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The Vegan Experience, Days 7, 8, and 9: A Bit of Nutrition

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Note: For the four weeks between January 14th and February 11th, I'm adopting a completely vegan lifestyle. Every weekday I'll be updating my progress with a diary entry and a recipe. For past posts, check here!

Days 7, 8, and 9: Friday, Saturday, and Sunday

Breakfasts: Lots more beans on toast, avocado, grapefruit, and oatmeal.
Lunch: Coconut Lentil Soup, Smoky potato and kale soup.
Dinner: Braised greens and chickpea sandwich on pizza bianca. Fried eggplant with tomato sauce and eggplant mayo. Tofu with steamed bok choy and spicy sesame sauce.

To be completely honest, nutrition isn't a subject that particularly interests me. I have nothing against the field and I follow it casually. It does bother me how quickly the newest nutritional finds get immediately snatched up by the media, misrepresented or misinterpreted, and regurgitated back out in ways that are certainly not helpful, and oftentimes quite harmful to the general public, but that's just the way the nutritional cookie crumbles.

Nutrition is a complicated and politically-charged field that I prefer to steer clear of in my writing, focusing on what's delicious instead. I'm of the philosophy that in general, as long as you eat everything in moderation and focus mainly on vegetables, you'll probably be pretty healthy, regardless of whether you abstain 100% from white foods or animal fats or cookies (and I think most nutritionists would agree).

That said, since starting my veganism, I've been asked by several people about a few nutritional aspects of the diet and how I deal with them. I'd like to clear those all up now so we can get back to focusing on the food. Here's what I've done so far:

Vitamins are an issue for vegans, particularly those that come from primarily animal-derived sources. B12 is the biggie, essential for proper function of the brain and nervous system. Vitamin B12 deficiencies are linked to fatigue and depression on the light end, and mania and psychosis on the heavier side. It's not something you want to go without.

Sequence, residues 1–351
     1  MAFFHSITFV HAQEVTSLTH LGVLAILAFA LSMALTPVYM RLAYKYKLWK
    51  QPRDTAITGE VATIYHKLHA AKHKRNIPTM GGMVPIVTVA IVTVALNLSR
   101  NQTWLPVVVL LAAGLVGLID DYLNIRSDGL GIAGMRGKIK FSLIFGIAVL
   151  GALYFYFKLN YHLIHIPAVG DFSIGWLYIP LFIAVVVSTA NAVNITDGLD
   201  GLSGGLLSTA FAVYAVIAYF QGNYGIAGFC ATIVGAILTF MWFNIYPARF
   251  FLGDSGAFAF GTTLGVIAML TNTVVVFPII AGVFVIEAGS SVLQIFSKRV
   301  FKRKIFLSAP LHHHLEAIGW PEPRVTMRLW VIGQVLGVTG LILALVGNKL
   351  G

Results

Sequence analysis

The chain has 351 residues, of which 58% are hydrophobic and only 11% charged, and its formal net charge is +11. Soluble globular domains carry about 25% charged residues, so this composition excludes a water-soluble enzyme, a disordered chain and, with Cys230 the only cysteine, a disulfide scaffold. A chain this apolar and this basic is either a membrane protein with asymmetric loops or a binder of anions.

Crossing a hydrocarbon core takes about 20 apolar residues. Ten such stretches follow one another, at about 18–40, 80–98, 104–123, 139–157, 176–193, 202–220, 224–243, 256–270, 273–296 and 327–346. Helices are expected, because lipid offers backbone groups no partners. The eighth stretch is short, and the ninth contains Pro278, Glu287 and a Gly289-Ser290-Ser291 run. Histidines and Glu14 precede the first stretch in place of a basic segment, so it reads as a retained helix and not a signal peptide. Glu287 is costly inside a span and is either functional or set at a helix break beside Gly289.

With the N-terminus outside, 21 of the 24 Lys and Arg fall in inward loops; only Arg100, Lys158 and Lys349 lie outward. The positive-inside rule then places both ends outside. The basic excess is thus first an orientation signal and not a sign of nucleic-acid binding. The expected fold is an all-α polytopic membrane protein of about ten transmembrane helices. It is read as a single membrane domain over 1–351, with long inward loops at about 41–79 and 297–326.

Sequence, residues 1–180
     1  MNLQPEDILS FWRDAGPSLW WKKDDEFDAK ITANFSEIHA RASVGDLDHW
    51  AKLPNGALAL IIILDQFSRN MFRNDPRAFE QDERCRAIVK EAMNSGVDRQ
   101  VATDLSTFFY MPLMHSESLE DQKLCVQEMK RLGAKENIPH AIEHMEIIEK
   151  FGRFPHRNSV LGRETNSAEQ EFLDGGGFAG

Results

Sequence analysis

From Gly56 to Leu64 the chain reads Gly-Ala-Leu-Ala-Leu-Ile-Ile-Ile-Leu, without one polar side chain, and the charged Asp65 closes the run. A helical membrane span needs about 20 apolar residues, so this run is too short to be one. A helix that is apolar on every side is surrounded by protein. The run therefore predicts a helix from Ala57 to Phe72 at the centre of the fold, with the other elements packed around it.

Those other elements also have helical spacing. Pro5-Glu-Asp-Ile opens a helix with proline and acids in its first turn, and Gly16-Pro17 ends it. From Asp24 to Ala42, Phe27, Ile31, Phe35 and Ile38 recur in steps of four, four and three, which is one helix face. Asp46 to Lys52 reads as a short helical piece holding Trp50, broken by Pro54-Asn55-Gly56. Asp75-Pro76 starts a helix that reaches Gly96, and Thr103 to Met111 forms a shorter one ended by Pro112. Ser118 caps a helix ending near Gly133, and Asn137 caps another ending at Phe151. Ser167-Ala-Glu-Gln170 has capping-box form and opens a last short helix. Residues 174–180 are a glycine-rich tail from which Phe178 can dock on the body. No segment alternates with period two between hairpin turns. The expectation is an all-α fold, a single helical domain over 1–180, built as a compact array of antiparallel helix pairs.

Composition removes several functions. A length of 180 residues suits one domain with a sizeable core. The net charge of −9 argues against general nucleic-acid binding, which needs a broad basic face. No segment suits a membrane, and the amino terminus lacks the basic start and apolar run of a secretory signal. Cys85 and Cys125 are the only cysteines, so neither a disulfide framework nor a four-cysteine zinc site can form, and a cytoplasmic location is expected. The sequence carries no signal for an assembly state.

Though it's often thought that only animal-based food contains B12, that's actually not the case. It occurs in small amounts in some plant-based diets. The vitamin itself is not made by animals, rather by a bacterium. Man-made synthesized vegan B12 is made with the use of this bacterium.

Some healthy vegans seem to manage just fine with the amount of B12 they take in through plant-based sources (plants can become contaminated with B12-producing bacteria if they touch dirt) along with the small amounts of B12 synthesized by bacteria living in their own bodies. Personally, I'd rather be safe than sorry, so I've been taking a B12 supplement (some evidence here to support supplement use).

Which brings us to another issue: not all vitamin supplements are vegan-friendly. The most common offense is the use of animal-derived gelatin in their formula. One popular brand of vitamin supplement based off of a famous cartoon character is made with gelatin (confession: I was taking them until now and only just realized that I'm going to have to switch to a more vegan-friendly version).

Calcium is another tough one for vegans. As someone who used to drink about two glasses of milk a day, I got the majority of my recommended 1,000mg/day in liquid form (each glass of milk contains about 300mg). Vegans have to take a little more care when planning their diet. The best natural sources for vegan calcium are from dark leafy green vegetables. Fortunately, kale and collards are some of my favorite things in the world.

A cup of cooked collard greens has more calcium in it than a full cup of milk. A quarter pound of tofu processed with calcium sulfate (that's the non-silken kind of tofu) has just as much. I eat plenty of tofu and greens, so calcium hasn't been much of a concern to me.